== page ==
7 The model works very differently when the information produced by agents can be hardened and passed on to their superiors, as might be the case with the output from a credit-scoring model. Now, large banks might actually generate more investigative effort than small banks. This is because with hard information, agents can become advocates for their units a Little Rock loan officer working inside a large bank who produces verifiable evidence showing that lending opportunities in his area are strong can increase his capital allocation. Here, separating authority from expertise actually improves research incentives, as lower-level managers struggle to produce enough information to convince their superiors that they should get a larger share of the bank s overall capital budget. Similarly, Rajan and Zingales (1998) observe that withholding ownership can in some cases spur effort by encouraging competition for power. Although the explicit distinction between soft and hard information that Stein emphasizes is not typically drawn in the applied banking literature, it corresponds closely to the oft-discussed dichotomy between relationship lending and transactions-based lending (see, e.g., Berger and Udell, 2002). Moreover, it is a common hypothesis in this line of work that large banks will be at a disadvantage when it comes to relationship lending, but will do better with respect to transactionsbased lending. For example, Berger et al. (1999) argue that because ofy.organizational diseconomiesylarge complex financial institutionsy.would reduce services yto those customers who rely on relationships (pp ) Testable implications ARTICLE IN PRESS A.N. Berger et al. / Journal of Financial Economics 76 (2005) The choice of bank The most basic implication of the theory is that small banks have a comparative advantage in making loans based on soft information, while large banks have a comparative advantage in making loans based on hard information. This suggests that a firm about which there is more hard information should tend to borrow from a larger bank. One potential proxy for whether there is hard information about a firm is its size, since, e.g., large firms are more able to afford the fixed costs associated with regular audits. Of course, there can be other reasons why large firms and large banks go together. However, our data also allow us to infer whether a given firm keeps accounting records. This could serve as an alternative proxy for hard information, and we would therefore predict that firms with accounting records are more likely to borrow from larger banks The endogeneity of bank size and our instrumenting strategy All the hypotheses that follow relate bank size to various aspects of the bank-firm lending relationship. In other words, we want to use bank size as a right-hand-side variable to explain the nature of the lending technology. But since firms can to a degree choose their banks as we have just emphasized there is an obvious endogeneity problem. In particular, a firm characteristic for which we have not controlled could explain why the firm chooses a bank of a certain size, as well as the aspect of the relationship we are interested in. For example, an entrepreneur with an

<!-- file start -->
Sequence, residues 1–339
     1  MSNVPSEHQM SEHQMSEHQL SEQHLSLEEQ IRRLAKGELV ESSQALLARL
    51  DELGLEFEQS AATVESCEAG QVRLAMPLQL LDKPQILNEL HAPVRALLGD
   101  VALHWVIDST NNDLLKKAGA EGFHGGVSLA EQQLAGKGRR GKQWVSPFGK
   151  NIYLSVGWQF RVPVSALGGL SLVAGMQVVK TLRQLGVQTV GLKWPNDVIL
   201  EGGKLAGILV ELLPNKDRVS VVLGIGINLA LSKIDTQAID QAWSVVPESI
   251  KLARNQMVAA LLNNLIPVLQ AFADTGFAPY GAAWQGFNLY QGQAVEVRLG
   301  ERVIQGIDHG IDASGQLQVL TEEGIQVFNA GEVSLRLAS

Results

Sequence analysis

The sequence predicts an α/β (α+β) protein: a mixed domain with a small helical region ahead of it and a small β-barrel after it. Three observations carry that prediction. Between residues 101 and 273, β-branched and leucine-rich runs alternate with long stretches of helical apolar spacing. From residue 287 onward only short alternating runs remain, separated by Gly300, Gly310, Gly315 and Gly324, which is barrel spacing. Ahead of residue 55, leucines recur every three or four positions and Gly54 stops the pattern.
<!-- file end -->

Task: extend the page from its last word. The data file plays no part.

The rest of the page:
8 244 A.N. Berger et al. / Journal of Financial Economics 76 (2005) MBA might be better able to get a hearing from a loan officer in a large bank. This entrepreneur might also find it easier to generate spreadsheet reports that reduce the need for personal visits to the bank. Thus, he might be more apt to borrow at a distance, and to communicate with the bank impersonally. If so, we would see large banks lending impersonally and at a distance, but this would not necessarily reflect a causal consequence of bank size. To address this potential bias, we need one or more instruments that are correlated with a firm s propensity to be matched with a bank of a particular size, but that are uncorrelated with characteristics of the firm that might influence the nature of the lending relationship. In our baseline specifications, we use two instruments: (i) the log of the median size of all the banks in the Metropolitan Statistical Area (MSA) or rural county in which the firm is located (weighted by the number of branches), and (ii) the fraction of the previous ten years during which the firm s state was neither a unit banking nor limited branching state. The idea is that if a firm is located in a state where regulation has not constrained bank size, and hence where large banks dominate its market, the firm will be pushed independent of its own characteristics in the direction of a large bank. We can then examine how this forced match shapes the bank-firm relationship. Although our median-bank-size instrument varies at the level of the city or rural county, and our regulatory instrument varies only at the state level, the two are closely linked, with a univariate correlation of Not surprisingly, states that have been permissive with respect to branching tend to have larger banks across all of their individual markets. In spite of this commonality, however, one might argue that the state-level regulatory variable is a purer instrument. Perhaps within a given state, some markets have certain attributes that tend to attract both banks of a certain size and firms with particular characteristics. For example, a vibrant big-city economy might draw both large banks and MBA-trained entrepreneurs. An alternative estimation strategy that helps to address this critique is to dispense with the median-bank-size variable and to use the regulatory variable as the only instrument for bank size. This approach, which we experiment with below, is more conservative, but also considerably less powerful, because it makes use only of across-state variation, and loses the within-state across-market variation. Nevertheless, it leads to point estimates that are remarkably similar to those from our baseline instrumenting technique, although the standard errors are of course somewhat higher The effect of bank size on distance and mode of interaction Coval and Moskowitz (2001) demonstrate the importance of physical distance for information-gathering, documenting that money managers do better when investing in the stocks of nearby companies. Similarly, being close to one s customers is likely to facilitate a loan officer s collection of soft information, but to have little impact on his ability to gather hard information. What we have in mind is that one important way for the loan officer to gather soft information is through face-to-face interaction with a potential borrower. Being nearby might also help the loan officer to better understand the nuances of the local business environment. Hard information, on the